|The offscreen catalyst, like (ladymacbeth) wrote in repose,|
@ 2019-09-14 02:48:00
|Entry tags:||*log, diego castaño, shiloh foster|
|Shiloh didn't live at the B&B. He had a place above Mal's electronic store, and that decision was one he'd carefully turned over. It was a dangerous leap, staying in town after being found out by the protestant church as a fraud, but it wasn't a leap made blindly; he'd thought it through. There was something going on with Mal, and it made the space above his shop a good choice for staying. There was the fact that he, Shiloh, hadn't spent any time in town as a child staying summers at Lands End, on the far end of the lake. Mother hadn't allowed them to socialize, and, as such Mal, as a neighbor, was the only person in town who might recognize him in his grown state. He was counting on being somewhat average looking and not recognizable from the news, though that story had gone cold and taken place in far-off Alabama. His fake papers made him Shiloh Foster, and Shiloh Foster he'd embraced being. As for his siblings, he'd deal with them when it was required of him.|
This morning, he'd slept in late enough to be considered lazy, and he'd made it to the B&B while brunch was still being served in metal domes for the townfolks to serve themselves. It was an accomplishment, all things considered, and there was only a hint of white-powder residue on his nose. He hadn't showered before coming, but he hadn't gotten up to trouble the night before, and he didn't smell of cigarettes or fucking. His hair was mussed, but his cheeks were smooth, which was entirely the responsibility of genetics and nothing to do with carefulness about his appearance that morning.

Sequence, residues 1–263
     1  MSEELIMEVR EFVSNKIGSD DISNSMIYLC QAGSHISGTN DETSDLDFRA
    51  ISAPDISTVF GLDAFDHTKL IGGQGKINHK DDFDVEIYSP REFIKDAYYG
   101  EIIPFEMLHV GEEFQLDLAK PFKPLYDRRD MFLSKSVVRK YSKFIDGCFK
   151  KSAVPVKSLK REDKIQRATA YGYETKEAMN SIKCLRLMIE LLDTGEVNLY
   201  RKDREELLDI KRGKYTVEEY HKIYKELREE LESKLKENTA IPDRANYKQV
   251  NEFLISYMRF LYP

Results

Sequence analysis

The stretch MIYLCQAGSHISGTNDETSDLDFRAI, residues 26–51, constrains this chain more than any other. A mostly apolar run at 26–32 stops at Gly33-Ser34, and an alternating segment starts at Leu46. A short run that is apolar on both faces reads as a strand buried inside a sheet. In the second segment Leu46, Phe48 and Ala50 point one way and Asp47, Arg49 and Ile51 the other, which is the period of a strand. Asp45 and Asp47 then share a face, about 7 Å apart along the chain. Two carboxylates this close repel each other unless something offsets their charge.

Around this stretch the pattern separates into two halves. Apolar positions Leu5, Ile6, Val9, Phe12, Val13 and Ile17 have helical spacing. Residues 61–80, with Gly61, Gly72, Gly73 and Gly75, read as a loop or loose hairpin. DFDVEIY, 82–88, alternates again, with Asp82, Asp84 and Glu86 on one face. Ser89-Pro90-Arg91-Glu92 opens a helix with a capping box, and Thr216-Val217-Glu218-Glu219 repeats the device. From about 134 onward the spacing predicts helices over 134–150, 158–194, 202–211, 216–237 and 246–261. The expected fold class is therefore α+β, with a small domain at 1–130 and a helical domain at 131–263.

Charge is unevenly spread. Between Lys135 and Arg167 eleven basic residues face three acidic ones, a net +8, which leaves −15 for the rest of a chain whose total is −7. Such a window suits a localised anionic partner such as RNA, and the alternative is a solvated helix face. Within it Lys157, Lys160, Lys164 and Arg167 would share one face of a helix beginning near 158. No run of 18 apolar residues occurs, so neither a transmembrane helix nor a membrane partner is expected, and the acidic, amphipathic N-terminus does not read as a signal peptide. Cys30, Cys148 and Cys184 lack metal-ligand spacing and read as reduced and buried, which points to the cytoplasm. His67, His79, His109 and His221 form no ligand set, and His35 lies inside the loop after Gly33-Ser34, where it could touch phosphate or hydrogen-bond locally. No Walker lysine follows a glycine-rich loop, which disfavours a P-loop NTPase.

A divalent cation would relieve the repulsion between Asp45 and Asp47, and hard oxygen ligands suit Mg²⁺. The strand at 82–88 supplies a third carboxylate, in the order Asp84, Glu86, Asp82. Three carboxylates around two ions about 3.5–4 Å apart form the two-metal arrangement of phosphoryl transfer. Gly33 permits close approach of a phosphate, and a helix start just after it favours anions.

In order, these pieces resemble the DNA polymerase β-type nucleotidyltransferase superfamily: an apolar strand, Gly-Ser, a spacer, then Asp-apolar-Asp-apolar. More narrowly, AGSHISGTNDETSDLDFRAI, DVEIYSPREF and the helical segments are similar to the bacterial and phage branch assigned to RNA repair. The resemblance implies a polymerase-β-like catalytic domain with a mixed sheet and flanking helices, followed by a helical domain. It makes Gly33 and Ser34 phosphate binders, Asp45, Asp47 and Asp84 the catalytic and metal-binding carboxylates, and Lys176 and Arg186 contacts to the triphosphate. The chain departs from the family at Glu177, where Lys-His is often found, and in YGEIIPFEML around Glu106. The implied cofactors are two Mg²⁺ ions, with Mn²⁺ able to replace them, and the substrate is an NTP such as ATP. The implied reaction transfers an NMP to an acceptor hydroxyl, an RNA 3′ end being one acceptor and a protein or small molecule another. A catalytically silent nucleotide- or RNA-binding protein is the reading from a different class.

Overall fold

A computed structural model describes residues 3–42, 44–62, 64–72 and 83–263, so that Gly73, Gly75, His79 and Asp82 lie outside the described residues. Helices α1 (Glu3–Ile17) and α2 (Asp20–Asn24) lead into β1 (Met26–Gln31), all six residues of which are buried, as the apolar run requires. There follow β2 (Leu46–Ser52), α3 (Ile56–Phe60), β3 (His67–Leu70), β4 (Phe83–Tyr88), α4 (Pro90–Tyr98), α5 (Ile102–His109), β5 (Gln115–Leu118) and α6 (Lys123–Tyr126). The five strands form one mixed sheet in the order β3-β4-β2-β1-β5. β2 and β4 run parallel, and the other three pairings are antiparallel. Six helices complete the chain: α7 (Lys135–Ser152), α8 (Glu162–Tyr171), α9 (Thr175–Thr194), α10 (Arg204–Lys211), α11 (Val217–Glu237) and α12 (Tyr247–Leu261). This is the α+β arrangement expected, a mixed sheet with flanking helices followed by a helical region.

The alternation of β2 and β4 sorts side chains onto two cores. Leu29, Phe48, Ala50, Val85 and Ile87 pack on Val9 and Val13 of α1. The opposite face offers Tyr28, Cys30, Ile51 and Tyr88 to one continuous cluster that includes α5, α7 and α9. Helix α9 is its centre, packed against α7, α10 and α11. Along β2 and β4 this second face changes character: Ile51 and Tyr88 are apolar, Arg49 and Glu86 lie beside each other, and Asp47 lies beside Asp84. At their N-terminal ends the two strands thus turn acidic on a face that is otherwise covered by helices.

He was dressed right, and he looked around the space in search of someone interesting. Shiloh wasn't the sort who liked spending copious amounts of time alone. He'd grown up with adopted siblings sharing space day in, day out, and silence wasn't something he handled with a great deal of aplomb. He found a soul that looked interesting and, slipping his jacket off as he walked, he stopped in front of an empty chair. "Mind company?" he asked. He was tall, thin, harmless really, but there was something in his hazel eyes that declared shadows, and the quirk of his mouth intimated trouble and risk and turn around while you still had a chance.